Conmy said the commission’s recommendation is a “finding of fact only” and “not legal opinion.”

Martinsville School Board Chair Donna Dillard also said she was pleased with the recommended effective date.

“The commission’s recommendation for reversion to occur July 1, 2023, is welcomed,” said Dillard. “As I’ve mentioned previously, our focus is always on the best interests of our students. It is also very important that the right process be followed.”

Dillard has also questioned the city’s assumption of authority to dissolve the city school system and said she hopes the consolidation of Martinsville and Henry County schools will proceed with the input of her board and the school system’s administration.

“I am hopeful that this recommendation will give Martinsville City Public Schools a voice in the process and an active role in making education decisions for the future of our students,” Dillard said. “We will continue to do everything that we can to ensure the continued success of our students and will remain available to coordinate a path forward with Henry County Public Schools.”


The commission’s recommendations are detailed in a 32-page document that remained in draft form after the meeting Friday afternoon.

“The draft version of the report will remain as such until staff is able to incorporate changes discussed in today’s commission meeting,” said Conmy during the meeting. “We hope to have the final report taken care of next week.”

That draft recommends the VSA between Henry County and Martinsville be approved by a three-judge panel in its entirety.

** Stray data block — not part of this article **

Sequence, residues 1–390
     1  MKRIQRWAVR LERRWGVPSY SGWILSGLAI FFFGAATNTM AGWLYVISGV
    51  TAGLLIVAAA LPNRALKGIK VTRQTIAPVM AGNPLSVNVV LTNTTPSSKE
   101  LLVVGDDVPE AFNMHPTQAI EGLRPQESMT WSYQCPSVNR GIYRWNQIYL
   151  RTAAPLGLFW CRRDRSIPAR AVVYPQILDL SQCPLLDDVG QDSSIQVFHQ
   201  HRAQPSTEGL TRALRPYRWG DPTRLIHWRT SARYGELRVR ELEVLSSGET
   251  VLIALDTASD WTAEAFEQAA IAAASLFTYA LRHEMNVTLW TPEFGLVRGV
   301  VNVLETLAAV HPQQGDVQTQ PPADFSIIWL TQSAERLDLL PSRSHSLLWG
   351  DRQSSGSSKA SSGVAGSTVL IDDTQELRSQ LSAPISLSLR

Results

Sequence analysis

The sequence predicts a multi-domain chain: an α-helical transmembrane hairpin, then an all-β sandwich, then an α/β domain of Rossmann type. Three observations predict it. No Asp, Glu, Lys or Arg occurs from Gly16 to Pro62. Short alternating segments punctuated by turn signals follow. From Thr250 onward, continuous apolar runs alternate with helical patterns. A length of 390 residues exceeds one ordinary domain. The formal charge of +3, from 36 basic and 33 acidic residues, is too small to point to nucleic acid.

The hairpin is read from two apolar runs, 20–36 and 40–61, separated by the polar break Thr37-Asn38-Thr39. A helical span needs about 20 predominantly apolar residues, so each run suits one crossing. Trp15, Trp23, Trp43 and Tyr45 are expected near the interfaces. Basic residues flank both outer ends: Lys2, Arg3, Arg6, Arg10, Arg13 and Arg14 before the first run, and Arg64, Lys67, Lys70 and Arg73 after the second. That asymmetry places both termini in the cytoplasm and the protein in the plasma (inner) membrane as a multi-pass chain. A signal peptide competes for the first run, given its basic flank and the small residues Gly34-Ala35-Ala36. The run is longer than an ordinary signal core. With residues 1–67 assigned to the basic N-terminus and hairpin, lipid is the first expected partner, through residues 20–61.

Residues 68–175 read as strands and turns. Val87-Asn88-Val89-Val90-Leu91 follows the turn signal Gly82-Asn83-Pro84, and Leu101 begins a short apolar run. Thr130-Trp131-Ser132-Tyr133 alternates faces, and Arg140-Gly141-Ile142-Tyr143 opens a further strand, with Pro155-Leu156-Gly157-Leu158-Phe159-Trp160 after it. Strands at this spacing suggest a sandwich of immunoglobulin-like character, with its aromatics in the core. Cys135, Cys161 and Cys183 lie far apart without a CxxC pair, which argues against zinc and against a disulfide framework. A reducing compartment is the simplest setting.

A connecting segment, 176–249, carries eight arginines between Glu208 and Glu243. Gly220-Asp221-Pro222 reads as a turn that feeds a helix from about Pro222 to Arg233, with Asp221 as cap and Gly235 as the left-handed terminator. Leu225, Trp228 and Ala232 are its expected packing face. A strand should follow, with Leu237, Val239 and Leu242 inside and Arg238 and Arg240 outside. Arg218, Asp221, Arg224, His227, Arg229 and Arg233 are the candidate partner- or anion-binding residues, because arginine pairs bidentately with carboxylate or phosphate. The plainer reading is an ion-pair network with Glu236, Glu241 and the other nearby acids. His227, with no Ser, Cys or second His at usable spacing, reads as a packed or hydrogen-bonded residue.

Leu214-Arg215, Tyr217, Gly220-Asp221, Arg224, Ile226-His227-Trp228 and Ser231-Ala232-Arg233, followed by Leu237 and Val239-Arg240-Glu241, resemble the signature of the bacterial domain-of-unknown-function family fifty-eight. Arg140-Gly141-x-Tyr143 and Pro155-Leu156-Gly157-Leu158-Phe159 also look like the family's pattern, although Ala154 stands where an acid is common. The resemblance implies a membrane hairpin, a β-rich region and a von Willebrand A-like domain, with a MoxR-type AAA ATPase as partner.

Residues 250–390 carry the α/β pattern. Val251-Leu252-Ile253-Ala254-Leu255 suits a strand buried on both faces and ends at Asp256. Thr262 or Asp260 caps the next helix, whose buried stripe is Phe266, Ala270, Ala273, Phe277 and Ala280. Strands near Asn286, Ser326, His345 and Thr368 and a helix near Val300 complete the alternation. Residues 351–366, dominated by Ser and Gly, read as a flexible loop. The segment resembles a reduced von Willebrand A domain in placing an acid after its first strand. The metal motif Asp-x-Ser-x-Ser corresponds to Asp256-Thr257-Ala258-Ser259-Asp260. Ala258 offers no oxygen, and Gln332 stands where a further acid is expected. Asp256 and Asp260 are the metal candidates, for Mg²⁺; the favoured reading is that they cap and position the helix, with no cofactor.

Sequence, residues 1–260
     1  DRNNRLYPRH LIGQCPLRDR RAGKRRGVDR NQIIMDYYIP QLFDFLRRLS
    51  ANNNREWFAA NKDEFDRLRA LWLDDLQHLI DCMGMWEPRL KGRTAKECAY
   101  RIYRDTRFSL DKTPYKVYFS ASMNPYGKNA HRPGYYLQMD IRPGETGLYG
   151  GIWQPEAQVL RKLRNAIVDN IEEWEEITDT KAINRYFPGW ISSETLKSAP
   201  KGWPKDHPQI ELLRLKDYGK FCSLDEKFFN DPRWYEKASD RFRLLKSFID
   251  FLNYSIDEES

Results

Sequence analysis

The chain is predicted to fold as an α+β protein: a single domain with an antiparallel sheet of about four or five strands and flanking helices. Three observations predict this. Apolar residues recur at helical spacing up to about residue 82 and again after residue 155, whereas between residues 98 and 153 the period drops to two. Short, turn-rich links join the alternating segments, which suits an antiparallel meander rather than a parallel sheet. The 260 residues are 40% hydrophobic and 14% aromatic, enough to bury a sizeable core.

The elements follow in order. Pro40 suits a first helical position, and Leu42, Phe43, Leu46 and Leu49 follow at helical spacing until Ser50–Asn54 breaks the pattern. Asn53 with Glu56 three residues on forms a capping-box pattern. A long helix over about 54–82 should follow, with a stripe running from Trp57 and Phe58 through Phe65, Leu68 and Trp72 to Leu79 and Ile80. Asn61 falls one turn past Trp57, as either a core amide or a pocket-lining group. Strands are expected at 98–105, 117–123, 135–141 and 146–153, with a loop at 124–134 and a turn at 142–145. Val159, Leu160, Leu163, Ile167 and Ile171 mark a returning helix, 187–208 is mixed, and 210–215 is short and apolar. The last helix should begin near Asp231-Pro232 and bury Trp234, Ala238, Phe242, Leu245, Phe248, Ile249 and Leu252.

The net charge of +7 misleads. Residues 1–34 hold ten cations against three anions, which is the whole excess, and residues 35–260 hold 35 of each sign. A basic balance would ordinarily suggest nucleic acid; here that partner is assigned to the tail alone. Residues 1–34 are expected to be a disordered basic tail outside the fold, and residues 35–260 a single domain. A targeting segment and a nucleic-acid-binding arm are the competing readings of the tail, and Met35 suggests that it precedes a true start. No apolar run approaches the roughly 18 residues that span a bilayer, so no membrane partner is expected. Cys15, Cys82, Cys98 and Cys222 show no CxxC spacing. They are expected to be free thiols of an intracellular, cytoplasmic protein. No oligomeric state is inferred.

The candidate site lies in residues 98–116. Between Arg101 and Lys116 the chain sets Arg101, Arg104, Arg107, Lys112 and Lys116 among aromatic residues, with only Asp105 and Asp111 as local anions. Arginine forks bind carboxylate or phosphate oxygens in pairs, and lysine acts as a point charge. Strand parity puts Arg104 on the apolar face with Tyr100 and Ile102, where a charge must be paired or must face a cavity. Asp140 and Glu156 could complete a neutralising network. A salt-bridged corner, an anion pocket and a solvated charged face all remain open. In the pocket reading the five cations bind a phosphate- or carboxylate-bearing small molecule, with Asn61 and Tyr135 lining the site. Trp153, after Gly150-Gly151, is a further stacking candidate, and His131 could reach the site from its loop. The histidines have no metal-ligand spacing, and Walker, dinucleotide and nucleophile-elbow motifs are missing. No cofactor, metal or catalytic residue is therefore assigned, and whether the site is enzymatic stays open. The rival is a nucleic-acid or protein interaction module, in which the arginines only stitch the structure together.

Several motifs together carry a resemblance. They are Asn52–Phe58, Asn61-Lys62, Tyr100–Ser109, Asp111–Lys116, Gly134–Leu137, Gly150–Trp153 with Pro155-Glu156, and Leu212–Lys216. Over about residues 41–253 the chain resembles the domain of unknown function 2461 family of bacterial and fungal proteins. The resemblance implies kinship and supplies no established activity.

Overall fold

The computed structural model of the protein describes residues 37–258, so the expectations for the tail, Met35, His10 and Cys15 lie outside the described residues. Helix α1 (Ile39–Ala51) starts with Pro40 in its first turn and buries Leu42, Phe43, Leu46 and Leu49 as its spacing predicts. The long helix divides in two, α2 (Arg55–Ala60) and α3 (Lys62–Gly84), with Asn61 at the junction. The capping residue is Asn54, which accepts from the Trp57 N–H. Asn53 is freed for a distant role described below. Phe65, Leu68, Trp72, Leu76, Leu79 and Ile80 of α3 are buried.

“We find that the agreement promotes the viability of both local governments and is consistent with the best interests of the two jurisdictions,” the commission’s report states. “Accordingly, we recommend the court’s approval of the agreement.”


The report notes that more than 100 people attended a public hearing at New College Institute last month, and most of the comments involved matters of equity.

“The city is one of the most racially diverse areas in the region, and hosts a primarily Black or African American population compared to the county,” the report states. “During the public hearing offered by the commission, citizens voiced concerns over the impact reversion would have on Black students who would have to be integrated into county schools, community engagement, and the impact on the city’s voting power when included in the County Board of Supervisors and School Board districts.

“These concerns bring to mind the long history of racial tension caused by historic injustices imposed upon—including systemically—minority populations.”

The report says that both Martinsville and Henry County have elevated levels of poverty and unemployment, and both are more acute in the city.